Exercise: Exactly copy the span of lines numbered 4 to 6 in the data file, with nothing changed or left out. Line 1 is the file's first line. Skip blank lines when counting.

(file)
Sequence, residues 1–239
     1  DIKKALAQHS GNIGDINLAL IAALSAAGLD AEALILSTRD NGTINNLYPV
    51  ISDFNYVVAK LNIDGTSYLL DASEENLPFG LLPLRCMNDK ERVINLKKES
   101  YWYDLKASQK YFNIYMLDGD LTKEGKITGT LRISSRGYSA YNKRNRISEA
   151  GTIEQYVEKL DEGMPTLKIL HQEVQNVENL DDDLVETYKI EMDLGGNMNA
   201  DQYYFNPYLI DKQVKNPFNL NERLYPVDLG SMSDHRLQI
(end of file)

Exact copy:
   101  YWYDLKASQK YFNIYMLDGD LTKEGKITGT LRISSRGYSA YNKRNRISEA
   151  GTIEQYVEKL DEGMPTLKIL HQEVQNVENL DDDLVETYKI EMDLGGNMNA
   201  DQYYFNPYLI DKQVKNPFNL NERLYPVDLG SMSDHRLQI